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Monday, June 15, 2009

Another Green Winery


Niagara wine country goes green

MELANIE CHAMBERS PHOTO
June 15, 2009

Special to the Star

From menus that change with the seasons, to organic wine, to leaf-eating sheep, and one wicked long bike path - Niagara is leading the country in green tourism. And now with a new GO Train service to the area, it's easy to ditch the car for the bike and get back to basics.

Number one: wine reinvention.

Frog Pond Farm is Ontario's only certified organic winery. It's the kind of place that serves wine tastings inside a country house. It's also a place where insecticide and chemical-free grapes are hand picked.

Why go to so much trouble? "I don't want to call my children into the house because I have to spray," says Heike Koch, who bought the farm with her husband Jens Gemmrich in 1996.

Recently the winery became licensed to serve wine by the glass. Visitors can sip the new Cabernet Franc Rose on the picnic table with some homemade bread, courtesy of their daughter. "She likes to experiment with the herbs from our garden."

In keeping with sustainable agriculture the owners of Featherstone Estate Winery in Vineland have replaced noisy fuel-sucking machinery with sheep and birds. "Hired" in 2007, the sheep eat the lower grape leaves, thereby giving the grapes better access to sunlight.

"You can't get a cleaner and riper fruit," says Louise Engel, who co-owns the winery with partner David Johnson. Engel recently received the Premiers Award for Agricultural Innovation.

But, the sheep get their own recognition: Black Sheep Riesling is their namesake wine.

Engel also employs other furry friends. As a certified falconer, Engel orchestrates birds of prey to scare off grape-eating nuisances such as Stirlings; this enables the winery to rely less on noisy propane-fueled bird-bangers.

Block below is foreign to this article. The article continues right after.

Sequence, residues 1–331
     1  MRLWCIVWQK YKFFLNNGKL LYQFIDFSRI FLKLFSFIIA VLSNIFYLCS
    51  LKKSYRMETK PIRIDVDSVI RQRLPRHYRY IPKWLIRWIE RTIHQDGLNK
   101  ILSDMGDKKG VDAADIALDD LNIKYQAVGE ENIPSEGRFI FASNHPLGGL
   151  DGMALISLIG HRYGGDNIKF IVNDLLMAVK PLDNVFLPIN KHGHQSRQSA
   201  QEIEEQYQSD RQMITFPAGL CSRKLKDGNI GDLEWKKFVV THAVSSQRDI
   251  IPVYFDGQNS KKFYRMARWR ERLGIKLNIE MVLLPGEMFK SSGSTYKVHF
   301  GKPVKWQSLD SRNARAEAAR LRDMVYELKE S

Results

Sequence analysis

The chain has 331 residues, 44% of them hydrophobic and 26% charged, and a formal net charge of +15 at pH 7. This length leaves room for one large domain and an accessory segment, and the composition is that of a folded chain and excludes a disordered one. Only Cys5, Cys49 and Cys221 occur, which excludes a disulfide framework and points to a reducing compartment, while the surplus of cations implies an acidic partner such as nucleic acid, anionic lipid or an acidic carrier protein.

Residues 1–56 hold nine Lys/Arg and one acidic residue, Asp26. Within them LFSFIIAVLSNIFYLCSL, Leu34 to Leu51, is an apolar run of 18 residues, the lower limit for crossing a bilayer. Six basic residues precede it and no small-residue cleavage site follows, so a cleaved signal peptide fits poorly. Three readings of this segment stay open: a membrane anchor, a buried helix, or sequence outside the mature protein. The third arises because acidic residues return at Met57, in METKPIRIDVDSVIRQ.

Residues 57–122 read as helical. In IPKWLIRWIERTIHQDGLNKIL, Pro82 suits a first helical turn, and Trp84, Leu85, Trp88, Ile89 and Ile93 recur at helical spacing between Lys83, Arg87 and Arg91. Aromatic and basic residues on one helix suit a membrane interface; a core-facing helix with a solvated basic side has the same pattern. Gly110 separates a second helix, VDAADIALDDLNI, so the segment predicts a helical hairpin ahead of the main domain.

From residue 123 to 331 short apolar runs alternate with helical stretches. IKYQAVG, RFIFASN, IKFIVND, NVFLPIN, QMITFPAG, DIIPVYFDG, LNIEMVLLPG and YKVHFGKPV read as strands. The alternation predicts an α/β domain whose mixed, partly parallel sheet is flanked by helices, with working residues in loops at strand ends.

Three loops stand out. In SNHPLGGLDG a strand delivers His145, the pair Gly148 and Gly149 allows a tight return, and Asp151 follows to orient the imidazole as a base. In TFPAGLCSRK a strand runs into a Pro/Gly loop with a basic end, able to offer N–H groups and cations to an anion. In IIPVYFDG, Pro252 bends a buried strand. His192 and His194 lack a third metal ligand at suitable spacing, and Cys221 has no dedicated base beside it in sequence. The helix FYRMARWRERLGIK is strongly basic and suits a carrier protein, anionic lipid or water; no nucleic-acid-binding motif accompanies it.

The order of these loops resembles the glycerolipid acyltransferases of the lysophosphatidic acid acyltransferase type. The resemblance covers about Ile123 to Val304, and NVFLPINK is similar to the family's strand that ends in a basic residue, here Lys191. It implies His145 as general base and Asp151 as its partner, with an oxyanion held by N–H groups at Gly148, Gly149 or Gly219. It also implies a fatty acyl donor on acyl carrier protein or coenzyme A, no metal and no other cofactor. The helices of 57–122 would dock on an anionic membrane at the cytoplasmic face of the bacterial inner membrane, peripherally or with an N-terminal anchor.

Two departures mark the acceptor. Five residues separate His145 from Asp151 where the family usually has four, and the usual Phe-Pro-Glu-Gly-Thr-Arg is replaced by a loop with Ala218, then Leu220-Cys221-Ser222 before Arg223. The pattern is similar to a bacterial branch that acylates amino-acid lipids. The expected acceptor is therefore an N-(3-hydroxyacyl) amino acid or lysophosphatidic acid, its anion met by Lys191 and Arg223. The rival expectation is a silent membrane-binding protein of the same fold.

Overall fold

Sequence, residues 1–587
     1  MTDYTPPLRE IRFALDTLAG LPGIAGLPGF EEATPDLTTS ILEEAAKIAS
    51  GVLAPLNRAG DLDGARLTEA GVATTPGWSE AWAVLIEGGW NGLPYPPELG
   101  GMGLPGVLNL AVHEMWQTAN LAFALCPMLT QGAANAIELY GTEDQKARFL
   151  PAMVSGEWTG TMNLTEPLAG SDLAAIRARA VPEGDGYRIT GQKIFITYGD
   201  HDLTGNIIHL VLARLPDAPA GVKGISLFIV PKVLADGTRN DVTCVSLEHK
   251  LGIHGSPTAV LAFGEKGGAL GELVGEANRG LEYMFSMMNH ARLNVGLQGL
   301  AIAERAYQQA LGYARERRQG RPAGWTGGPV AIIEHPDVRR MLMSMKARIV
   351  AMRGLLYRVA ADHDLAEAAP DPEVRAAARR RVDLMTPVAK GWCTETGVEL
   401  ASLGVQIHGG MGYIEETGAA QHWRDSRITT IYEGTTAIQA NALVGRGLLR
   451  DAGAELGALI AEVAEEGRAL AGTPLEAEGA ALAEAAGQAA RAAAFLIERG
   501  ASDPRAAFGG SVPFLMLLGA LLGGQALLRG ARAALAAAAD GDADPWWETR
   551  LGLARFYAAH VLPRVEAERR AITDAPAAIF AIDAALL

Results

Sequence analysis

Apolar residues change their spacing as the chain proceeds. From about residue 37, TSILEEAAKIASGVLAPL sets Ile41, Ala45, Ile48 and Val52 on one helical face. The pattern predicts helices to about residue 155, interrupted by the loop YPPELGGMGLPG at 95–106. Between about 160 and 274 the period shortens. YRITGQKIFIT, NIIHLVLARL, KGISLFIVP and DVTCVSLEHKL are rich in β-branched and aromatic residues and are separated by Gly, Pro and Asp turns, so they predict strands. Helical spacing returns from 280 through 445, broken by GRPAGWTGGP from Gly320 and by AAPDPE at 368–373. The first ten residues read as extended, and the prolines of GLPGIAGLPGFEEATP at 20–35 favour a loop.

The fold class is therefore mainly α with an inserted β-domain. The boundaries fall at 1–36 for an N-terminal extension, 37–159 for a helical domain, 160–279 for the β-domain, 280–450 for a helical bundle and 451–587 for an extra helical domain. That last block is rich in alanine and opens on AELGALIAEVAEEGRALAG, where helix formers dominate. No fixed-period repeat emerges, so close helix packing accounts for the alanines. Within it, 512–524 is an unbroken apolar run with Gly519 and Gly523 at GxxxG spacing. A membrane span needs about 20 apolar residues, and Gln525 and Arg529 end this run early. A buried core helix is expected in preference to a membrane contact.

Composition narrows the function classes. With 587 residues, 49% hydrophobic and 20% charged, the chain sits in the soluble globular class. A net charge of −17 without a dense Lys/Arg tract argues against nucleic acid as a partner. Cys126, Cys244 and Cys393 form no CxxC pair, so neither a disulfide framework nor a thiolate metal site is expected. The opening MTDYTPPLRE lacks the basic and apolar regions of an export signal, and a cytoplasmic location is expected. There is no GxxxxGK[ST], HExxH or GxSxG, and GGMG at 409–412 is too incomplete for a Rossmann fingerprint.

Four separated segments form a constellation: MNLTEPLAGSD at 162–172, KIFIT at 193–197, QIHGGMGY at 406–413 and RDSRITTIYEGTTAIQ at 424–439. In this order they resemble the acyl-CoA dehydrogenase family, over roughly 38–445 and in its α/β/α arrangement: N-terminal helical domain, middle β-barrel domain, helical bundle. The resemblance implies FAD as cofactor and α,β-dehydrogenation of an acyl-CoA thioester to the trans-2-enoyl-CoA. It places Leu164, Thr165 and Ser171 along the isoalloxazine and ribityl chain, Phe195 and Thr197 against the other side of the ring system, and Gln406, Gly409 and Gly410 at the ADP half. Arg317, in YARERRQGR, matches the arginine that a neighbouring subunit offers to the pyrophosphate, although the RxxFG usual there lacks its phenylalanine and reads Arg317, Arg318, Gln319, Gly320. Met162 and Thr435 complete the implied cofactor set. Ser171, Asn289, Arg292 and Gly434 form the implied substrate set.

Number two: produce-a-plenty

Supporting local farmers is easy in Niagara. "I come from P.E.I. where there's great fish and potatoes, but that's where it ends," says Ross Midgley, chef at The Kitchen House, the new restaurant at Peninsula Ridge Estate Winery in Beamsville.

"Here in Niagara the bounty from a cook's point of view is really endless for at least six months of the year."

Midgley is one of many chefs in the area who offer a seasonal menu that changes when the produce changes - sometimes daily. "The server goes to the table to say we're serving grilled salmon and then talk about these other pleasant surprizes that are not on the menu."

Last week his supplier brought in rhubarb, seedlings, collard greens, mint tops, and one of his favourites, fresh nuts from Grimo Nut Farm in Niagara-on-the-Lake.

Number three: Ball's Falls Centre for Conservation, in the Twenty Valley. (www.npca.ca).

Built near a century old mill, this building is almost as natural as the Niagara Escarpment it straddles.

During its construction, bulldozers didn't rip up the earth; in fact, it was the other way around: the undulating uneven floor flows over the natural topography.

Inside, in the centre of the building, a drain pipe gathers rain water that is then used for the plumbing system. "We're saving 73% of our heating and operating costs by having these natural systems," says Andrea Wilson, the centre's program manager.

The centre features oodles of nature exhibits including a simulated flight that flies over the rivers, watersheds and rock formations of the entire Twenty Valley.

Awarded a Gold certification by the Leadership in Energy and Environmental Design (LEED), the building is a testament to the future of green construction.

Number four: GO Train.

Starting at the end of June, GO Train is offering service to St.Catharines and Niagara Falls four times daily on the weekends. GO hopes to continue the service year-round.

Cyclists are encouraged to bring their bikes on the train, which leads us to perhaps the best reason to visit Niagara.

Number five: The Waterfront Trail. www.waterfronttrail.org.

It's an 800-kilometer long multi-use path that joins hundreds of Ontario communities along Lake Ontario and the St.Lawrence River. In Niagara, the trail meanders along the gorge overlooking the Niagara River.

And if you get tired, the trail passes dozens of wineries and fruit stands. A basket of fresh strawberries, a glass of rose and fresh air - it doesn't get more simple than this.

This year also marks the second annual Great Waterfront Trail Adventure (July 4th to 11th). The ride begins in Niagara-on-the-Lake and ends, eight days later, on the Quebec border.

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